[SciPy-user] Any Books on SciPy?
Wed Feb 28 11:10:47 CST 2007
On 2/28/07, Rob Hetland <email@example.com> wrote:
> I would help write part of a book. I'm sure others would, too. But
> none of us have the time to write a whole book ourselves.
> Who could coordinate such an effort?
> What format would be used (LaTeX, etc.)?
> How would consistency be maintained across sections?
> I think these are not insurmountable obstacles, and a free, printable
> PDF howto manual (as opposed to a reference book like the NumPy book)
When Fernando and I first started the project, we wanted to keep this
with as few authors as possible simply because most team written books
aren't that good, and are not well integrated. Maintenance also
becomes difficult since open source is a rapidly moving target (as
Fernando noted several of our chapters are already out of date) and
the more authors you have the more difficult it becomes to herd the
cats. So we decided to try and tackle it alone. Unfortunately, both
of us are too involved with our other commitments to put the work in
that is necessary, and speaking for myself, I would be happy to
revisit the idea of a collaborative project. We would need a couple
of people to step up as editors who commit a fair amount of time to
insuring style, cross referencing, proper topics, etc... We could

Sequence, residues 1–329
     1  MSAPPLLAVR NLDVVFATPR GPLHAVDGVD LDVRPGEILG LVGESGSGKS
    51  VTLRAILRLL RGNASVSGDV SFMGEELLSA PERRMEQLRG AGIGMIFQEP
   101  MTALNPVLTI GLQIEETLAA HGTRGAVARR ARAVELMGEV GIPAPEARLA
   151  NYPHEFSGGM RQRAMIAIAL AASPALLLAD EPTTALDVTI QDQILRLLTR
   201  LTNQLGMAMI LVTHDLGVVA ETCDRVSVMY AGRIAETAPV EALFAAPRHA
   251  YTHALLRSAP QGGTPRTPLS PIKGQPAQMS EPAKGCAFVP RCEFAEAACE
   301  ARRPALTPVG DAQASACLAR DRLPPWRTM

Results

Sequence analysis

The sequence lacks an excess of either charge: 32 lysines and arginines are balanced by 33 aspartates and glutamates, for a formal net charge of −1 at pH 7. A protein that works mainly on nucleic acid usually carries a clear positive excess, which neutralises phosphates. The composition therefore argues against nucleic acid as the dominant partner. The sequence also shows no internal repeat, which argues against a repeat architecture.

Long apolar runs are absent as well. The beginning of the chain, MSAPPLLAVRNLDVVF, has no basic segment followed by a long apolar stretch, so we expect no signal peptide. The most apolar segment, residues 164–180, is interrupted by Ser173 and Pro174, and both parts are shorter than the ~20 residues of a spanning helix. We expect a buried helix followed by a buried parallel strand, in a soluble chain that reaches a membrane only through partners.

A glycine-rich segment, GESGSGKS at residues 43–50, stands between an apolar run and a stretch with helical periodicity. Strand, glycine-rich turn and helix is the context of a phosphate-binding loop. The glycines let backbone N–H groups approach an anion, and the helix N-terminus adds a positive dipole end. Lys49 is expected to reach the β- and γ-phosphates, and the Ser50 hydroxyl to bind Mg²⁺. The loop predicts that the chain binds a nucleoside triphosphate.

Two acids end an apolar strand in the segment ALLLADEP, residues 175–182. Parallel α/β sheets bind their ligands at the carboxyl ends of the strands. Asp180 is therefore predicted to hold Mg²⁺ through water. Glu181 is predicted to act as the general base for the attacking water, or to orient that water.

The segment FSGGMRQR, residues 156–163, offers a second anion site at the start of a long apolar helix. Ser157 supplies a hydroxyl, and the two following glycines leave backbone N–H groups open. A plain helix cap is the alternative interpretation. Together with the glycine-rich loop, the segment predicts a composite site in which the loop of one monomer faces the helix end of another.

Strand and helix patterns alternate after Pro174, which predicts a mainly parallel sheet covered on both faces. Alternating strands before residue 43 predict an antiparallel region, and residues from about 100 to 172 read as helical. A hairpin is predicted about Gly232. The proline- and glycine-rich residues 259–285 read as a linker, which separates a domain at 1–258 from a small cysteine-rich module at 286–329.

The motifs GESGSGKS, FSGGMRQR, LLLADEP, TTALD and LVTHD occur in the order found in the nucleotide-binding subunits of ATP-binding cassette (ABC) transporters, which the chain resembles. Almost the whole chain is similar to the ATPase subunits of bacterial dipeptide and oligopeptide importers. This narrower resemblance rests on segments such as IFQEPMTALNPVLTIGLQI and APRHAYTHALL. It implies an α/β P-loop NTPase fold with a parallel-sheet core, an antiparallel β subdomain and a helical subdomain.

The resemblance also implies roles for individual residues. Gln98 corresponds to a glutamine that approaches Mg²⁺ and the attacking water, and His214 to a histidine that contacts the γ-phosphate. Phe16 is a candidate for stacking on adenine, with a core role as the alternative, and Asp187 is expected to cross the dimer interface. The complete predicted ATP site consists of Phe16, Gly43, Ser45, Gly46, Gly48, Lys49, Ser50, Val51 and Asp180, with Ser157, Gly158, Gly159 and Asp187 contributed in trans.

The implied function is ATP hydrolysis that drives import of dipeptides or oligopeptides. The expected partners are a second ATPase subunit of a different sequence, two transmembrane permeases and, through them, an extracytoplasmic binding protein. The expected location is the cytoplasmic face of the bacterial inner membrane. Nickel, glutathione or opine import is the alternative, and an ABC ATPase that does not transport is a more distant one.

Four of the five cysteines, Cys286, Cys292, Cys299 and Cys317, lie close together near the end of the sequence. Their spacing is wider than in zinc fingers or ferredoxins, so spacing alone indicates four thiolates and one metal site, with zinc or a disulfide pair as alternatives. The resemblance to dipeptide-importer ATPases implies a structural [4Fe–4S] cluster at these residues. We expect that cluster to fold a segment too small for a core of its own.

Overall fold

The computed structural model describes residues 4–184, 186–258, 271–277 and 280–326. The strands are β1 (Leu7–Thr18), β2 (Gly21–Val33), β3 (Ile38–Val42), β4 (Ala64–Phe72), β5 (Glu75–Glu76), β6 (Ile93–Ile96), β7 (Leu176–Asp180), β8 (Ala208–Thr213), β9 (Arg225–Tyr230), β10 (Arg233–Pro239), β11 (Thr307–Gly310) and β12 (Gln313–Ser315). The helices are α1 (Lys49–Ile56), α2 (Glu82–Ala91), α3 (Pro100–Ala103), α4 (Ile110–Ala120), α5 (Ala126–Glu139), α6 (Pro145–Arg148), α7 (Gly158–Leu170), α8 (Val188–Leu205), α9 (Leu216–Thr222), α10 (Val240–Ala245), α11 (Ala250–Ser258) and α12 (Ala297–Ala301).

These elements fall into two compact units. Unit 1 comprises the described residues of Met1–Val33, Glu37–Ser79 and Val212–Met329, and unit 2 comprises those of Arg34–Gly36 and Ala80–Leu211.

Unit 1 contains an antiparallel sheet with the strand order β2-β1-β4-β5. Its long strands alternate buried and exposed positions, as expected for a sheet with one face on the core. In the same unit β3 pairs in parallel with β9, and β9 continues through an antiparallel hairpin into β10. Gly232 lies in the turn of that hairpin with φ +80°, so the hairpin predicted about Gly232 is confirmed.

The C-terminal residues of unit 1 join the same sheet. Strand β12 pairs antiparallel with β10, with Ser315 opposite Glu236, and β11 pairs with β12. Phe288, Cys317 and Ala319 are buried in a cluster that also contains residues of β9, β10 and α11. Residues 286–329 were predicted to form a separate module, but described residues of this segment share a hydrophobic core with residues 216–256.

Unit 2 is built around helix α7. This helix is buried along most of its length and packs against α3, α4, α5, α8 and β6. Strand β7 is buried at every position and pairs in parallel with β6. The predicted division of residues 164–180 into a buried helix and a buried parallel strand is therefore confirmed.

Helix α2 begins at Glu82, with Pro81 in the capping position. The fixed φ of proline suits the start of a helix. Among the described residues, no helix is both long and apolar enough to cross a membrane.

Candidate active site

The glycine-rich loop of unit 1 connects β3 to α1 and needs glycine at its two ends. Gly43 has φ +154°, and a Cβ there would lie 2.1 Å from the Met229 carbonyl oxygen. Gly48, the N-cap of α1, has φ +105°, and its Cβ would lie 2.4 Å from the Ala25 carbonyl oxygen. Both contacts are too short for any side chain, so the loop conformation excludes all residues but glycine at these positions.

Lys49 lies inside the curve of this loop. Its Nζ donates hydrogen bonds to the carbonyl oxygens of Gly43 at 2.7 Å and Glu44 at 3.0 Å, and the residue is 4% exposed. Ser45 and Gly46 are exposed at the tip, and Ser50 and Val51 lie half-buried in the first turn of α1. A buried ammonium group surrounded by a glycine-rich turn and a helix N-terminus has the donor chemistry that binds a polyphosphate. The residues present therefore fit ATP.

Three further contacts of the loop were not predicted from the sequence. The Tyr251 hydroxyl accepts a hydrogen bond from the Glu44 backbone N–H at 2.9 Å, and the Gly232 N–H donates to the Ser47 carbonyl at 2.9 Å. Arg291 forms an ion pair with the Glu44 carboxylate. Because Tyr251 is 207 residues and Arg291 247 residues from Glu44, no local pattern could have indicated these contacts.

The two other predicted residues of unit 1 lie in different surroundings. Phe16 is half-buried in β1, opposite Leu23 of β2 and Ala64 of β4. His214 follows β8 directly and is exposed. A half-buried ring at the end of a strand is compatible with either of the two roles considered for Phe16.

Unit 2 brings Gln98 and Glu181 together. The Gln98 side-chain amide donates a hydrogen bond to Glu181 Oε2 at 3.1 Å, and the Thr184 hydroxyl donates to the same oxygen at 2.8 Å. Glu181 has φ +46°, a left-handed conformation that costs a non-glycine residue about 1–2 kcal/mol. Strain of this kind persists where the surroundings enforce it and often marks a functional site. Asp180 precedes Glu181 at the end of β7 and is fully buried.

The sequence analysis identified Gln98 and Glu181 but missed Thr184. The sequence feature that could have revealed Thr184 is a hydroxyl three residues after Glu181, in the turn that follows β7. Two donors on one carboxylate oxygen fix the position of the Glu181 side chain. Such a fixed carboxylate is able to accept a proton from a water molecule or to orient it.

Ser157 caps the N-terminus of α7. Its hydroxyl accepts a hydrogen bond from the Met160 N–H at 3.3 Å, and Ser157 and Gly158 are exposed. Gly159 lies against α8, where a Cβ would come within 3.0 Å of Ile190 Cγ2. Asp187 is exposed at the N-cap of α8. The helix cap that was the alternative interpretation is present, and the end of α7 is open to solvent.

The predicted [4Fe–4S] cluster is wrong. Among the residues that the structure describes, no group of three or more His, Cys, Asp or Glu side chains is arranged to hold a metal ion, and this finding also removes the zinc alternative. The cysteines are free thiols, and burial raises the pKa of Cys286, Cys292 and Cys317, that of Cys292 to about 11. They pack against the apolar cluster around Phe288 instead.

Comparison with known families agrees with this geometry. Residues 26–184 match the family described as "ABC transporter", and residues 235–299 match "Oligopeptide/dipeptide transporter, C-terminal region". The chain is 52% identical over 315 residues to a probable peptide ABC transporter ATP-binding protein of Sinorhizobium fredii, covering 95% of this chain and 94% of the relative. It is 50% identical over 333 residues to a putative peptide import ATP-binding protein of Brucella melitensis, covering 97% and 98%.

then solicit chapters on all the relevant major packages, either from
the authors of the packages or from heavy users. We would need a few
introductory chapters which emphasize integrated usage, followed by
package specific chapters emphasizing deeper features. At this point,
I can probably only commit to an mpl chapter and maybe some work on
some integration. I would be happy to do this under an open document
license, while still striving for hardcopy printing.
The src for the document Fernando posted lives in matplotlib svn as a
collection of lyx chapters (egad the last commit was 20 months ago)
I will defer to Fernando's wishes on this, but I am happy to try and
move the ball forward by bringing in any one offering to do some work.
Perry's tutorial is very nice and covers a lot of ground, often in
more detail than what Fernando and I have done, and might be a better
starting point, depending on his interests. Or some variant of his
tutorial might serve well for the introductory chapters, followed by
the package specific stuff.
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